Being unsure if this is the usual Monday situation here I decided to go online and have a look at Flight Aware for what was going on. Without any mobile broadband on this trip I paid for a few hours of airport WiFi and quickly found that some poor weather had resulted in delays this morning, combining that with an equipment failure at LGA, delays were sitting at an average of 1:47mins.
The boards still showed my flight as on time, despite the departure time passing. Another quick search for the inbound flight showed it hadn’t left Toronto yet, thus I was going to be here a while, but nowhere near as long as the two gentlemen travelling from Nairobi, who I gave up my seats for after hearing how long they had been waiting – 2 days! I figured they probably needed the seat more than I did as they waited on Standby for flight after flight.
After watching a few other flights board, and one in particular grumpy and arrogant gentlemen miss his flight after being told only minutes before to wait in the gate area as they were about to board, it was my turn to board. The boarding scrum developed very quickly, and despite numerous attempts by the agents requesting people to board when called, it turned out being a free for all, so instead of waiting to be pushed to the back, I reluctantly joined the scrum too.
Once at the door of the aircraft, my bag was tagged as First Class “Valet Baggage” and sent down a chute as I was told there was no longer room on board for carry on bags; a very familiar theme I’ve seen on almost every flight I’ve taken in North America. The final door was closed and we pushed back about two hours late, joining a long queue of departing aircraft before throttling up and climbing out into the busy New York skies. The girls in the seat behind me were commenting on how many planes lights they could see as we climbed; some passing under, some over and some off into the distance. It’s definitely a cool sight to see while at the same time you consider how much work those ATC guys are doing to keep us all safely apart right now.
Seat: 6A. The second row of economy on this aircraft was pretty clean and comfortable. Each seat is leather with an adjustable headrest, and a slight amount of recline. As it’s a regional jet, the 2-2 seating configuration removes the middle seat so it’s just you and your seat buddy without the uncomfortable person in the middle. The window was also well aligned to the seat, with the extra side panel cut out making the window feel slightly larger and giving the window seat passenger a sense of having more space. Despite the overhead bins being smaller (comparable to an E-190), they were relatively empty as most bags were checked at the gate.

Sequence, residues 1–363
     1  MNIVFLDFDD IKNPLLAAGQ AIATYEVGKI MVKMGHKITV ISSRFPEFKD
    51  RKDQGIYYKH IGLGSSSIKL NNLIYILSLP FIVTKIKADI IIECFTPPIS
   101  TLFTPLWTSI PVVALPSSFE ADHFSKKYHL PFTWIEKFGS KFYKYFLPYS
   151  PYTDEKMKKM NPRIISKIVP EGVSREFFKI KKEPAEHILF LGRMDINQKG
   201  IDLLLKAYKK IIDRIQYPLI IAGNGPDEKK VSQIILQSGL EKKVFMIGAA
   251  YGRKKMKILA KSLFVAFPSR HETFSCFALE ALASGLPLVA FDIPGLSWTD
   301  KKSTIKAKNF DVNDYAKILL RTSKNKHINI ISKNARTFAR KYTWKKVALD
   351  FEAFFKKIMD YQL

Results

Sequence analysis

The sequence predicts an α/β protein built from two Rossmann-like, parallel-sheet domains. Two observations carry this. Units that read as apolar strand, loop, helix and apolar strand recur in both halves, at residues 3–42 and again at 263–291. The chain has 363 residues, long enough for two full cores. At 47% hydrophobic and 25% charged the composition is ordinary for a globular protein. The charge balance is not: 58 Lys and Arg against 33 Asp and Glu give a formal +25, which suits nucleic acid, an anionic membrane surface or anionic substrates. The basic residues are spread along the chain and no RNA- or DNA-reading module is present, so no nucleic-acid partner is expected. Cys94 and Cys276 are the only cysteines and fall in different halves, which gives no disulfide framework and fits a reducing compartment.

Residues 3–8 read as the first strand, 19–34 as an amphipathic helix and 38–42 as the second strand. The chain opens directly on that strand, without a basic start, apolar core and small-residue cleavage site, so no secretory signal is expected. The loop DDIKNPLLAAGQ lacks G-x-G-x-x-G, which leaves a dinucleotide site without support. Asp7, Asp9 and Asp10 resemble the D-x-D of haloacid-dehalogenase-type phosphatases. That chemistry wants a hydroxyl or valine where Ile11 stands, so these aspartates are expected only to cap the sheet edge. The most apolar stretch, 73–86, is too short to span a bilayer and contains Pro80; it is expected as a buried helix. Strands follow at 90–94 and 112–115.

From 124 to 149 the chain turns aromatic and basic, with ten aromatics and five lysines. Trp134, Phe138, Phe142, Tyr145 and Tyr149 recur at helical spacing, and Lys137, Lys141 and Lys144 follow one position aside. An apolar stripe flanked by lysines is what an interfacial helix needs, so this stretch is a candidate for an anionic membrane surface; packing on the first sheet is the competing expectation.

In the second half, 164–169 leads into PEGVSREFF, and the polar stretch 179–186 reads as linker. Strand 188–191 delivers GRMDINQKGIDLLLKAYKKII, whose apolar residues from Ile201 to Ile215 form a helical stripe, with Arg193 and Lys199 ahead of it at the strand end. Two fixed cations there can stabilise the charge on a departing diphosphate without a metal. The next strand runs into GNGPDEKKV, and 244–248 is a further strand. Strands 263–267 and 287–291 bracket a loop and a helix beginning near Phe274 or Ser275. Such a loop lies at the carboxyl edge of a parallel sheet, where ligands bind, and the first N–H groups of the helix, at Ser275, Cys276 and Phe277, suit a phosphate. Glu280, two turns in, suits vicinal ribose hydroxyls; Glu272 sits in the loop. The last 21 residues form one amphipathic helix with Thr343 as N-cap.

Aircraft: CRJ-700 (N539EA). This was my first time on this type of aircraft, and my first real regional jet experience. Unlike the mainline American fleet, this one is painted instead of polished (although soon the polished mainline fleet will also be painted after American Airlines launched its new look livery). The interior is relatively clean and is fitted out with three rows of first in a 1-2 configuration followed by 13.5 rows of economy in a 2-2 configuration. I wouldn’t want to be sitting in the half row at the end (Row 18) as it appears to be pretty much pinned between the toilet and the left engine. From where I sat, the noise level was ok, nothing like the super 80’s and the flight was relatively smooth and uneventful despite crossing some weather around Toronto.
IFE: If you’re looking for IFE, you’ll be disappointed, as this bird contains no audio, video or any sort of electronic fun gadgets in the passenger cabin. It’s a strictly BYO entertainment affair. I’ve spoken before about the pros and cons of wanting or needing IFE on small planes before (even down to Porter Airlines Dash 8), and although it is a cost, it would be cool to have. I’m not saying its needed or justified, but it would look cool to have an IFE screen in the back of each seat.
Meal: No food offered on today’s flight just a choice of soft drinks, water or juice. By this point in my travels around North America I was getting used to the lack of any food on flights, so my usual can of sprite with some ice goes down well.